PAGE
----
Scientists from Japan may have the answer to
infertility in women who do not produce eggs. The study, conducted in mice, was
published in Nature
- Scientists have produced artificial mice eggs in the laboratory
from the body cells of mice
- Some of the eggs that were fertilized through IVF and implanted
in surrogate female mice developed into healthy pups
- The research provides the possibility of a breakthrough in the
treatment for infertility in women who cannot produce eggs
. If the study can be reproduced in humans, scientists may be able
to produce eggs from the woman's own cells, which can then be fertilized
and form a baby.
has several causes. It could occur
because of a problem in sperm production in males or a problem in females. At
times, the female does not produce eggs or ova from the ovaries. Medications
stimulate the ovary to produce eggs. Some women continue to
be infertile despite medications.
‘Babies born without the need of an ovary appears to be a possibility.’
egg undergoes complex changes as it changes into a fetus and later a baby. Such
changes that are guided by nature are obviously difficult to replicate in an
artificial setting, and involve ethical issues.
Researchers developed mature eggs from the cells of
mice obtained from the tip of their tails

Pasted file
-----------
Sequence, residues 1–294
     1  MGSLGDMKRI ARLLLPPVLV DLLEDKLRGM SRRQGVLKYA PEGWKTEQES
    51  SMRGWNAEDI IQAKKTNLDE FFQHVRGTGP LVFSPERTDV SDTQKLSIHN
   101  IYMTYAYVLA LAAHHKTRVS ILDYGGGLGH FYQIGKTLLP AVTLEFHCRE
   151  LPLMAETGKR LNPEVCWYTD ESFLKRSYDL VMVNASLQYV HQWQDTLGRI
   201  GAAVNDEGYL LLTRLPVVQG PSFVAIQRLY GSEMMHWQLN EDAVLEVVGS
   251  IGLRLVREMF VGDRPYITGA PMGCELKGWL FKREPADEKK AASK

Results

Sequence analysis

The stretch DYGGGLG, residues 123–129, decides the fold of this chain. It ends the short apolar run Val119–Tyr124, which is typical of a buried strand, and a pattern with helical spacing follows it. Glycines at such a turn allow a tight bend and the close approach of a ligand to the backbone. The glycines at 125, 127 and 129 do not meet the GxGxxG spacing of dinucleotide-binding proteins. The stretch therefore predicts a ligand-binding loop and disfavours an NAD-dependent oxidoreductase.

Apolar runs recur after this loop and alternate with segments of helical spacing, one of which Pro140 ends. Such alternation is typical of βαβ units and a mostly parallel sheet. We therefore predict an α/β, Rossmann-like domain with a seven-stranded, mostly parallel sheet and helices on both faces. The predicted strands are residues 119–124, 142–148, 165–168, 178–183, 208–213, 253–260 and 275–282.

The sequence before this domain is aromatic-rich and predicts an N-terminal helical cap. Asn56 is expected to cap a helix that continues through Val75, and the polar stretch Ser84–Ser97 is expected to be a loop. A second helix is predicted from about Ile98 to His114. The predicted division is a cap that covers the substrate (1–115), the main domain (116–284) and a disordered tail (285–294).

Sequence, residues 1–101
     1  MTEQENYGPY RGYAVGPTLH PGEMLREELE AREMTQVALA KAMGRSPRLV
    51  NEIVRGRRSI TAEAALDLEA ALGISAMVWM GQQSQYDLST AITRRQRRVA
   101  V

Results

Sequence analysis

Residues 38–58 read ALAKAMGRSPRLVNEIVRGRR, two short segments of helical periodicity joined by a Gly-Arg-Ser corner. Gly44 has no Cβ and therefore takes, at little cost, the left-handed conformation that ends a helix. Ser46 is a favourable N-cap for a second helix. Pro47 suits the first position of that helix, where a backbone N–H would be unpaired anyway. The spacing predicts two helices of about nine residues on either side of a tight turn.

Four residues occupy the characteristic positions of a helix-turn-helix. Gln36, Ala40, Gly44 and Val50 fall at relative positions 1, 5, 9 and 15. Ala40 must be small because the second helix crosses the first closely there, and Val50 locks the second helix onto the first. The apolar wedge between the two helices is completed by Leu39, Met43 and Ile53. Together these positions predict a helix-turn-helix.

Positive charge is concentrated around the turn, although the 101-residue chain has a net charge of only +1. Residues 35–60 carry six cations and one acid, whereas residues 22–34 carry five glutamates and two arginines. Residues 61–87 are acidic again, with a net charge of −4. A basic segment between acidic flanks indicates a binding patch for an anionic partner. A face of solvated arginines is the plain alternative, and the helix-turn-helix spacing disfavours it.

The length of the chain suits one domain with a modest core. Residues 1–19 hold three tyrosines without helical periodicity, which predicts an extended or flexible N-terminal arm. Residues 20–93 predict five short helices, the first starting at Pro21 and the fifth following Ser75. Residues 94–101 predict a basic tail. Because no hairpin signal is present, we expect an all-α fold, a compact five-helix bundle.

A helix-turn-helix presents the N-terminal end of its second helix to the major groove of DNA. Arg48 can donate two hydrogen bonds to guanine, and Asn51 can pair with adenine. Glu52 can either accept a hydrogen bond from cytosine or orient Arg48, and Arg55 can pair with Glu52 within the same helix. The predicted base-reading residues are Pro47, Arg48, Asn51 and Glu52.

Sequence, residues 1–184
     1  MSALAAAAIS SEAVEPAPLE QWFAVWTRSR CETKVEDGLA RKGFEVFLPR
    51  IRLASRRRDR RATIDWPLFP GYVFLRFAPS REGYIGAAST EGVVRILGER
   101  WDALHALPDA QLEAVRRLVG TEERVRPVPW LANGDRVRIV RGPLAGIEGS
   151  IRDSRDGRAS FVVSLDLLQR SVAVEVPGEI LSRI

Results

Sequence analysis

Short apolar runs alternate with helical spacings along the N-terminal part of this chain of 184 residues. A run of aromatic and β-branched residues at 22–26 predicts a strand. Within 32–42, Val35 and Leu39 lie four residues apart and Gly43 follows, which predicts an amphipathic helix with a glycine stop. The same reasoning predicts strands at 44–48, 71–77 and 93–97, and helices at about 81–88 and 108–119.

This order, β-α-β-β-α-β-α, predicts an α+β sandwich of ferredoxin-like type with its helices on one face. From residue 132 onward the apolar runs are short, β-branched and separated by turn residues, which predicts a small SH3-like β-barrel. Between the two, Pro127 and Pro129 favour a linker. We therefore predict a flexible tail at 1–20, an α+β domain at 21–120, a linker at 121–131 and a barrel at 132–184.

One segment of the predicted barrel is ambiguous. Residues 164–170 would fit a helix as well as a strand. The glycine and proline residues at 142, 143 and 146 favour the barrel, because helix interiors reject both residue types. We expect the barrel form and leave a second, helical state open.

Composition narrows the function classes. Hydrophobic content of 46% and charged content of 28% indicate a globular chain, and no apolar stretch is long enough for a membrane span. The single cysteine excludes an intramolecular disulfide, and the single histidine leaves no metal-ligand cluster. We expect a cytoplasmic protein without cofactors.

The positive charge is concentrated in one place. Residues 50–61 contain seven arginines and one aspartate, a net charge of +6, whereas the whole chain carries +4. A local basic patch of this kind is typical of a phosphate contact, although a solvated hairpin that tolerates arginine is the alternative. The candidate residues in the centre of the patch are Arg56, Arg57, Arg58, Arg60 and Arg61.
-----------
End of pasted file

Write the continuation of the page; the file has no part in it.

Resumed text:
introduced some genetic changes that converted these body cells into stem
are undifferentiated cells which grow into other types of cells. The stem cells
were then encased in stem cells obtained from the developing ovary or testis
and grown in the laboratory into eggs. The size and organization of genetic
material in these laboratory-produced eggs were similar to that of
The eggs were then fertilized and implanted into the
uterus of surrogate female mice. Some of the eggs developed into apparently
potential as an infertility treatment, this technique has the potential of
preventing genetic diseases that run in families. One researcher has also
suggested that it has the potential of producing babies from two male gay
parents, without the need of a female egg.
definitely has some drawbacks.
- The success rate of the study was very low. Only 11 of the 316
embryos i.e. 3.5% of the embryos that were implanted developed into fully
- The placenta also showed unusual growth.
- There would definitely be some ethical issues involved since it
involves producing life in the laboratory.
modifications to the technique of producing these cells may be required to
improve the success rate of the technique. The results of the study also have
to be replicated in studies in humans. It could be several years before the
technique can be made available in humans, but it is definitely a step forward
in addressing the agony of infertility in women who cannot produce eggs.
- Hikabe O et al. Reconstitution in vitro of the entire cycle of the mouse female germ line. Nature 2016 doi:10.1038/nature20104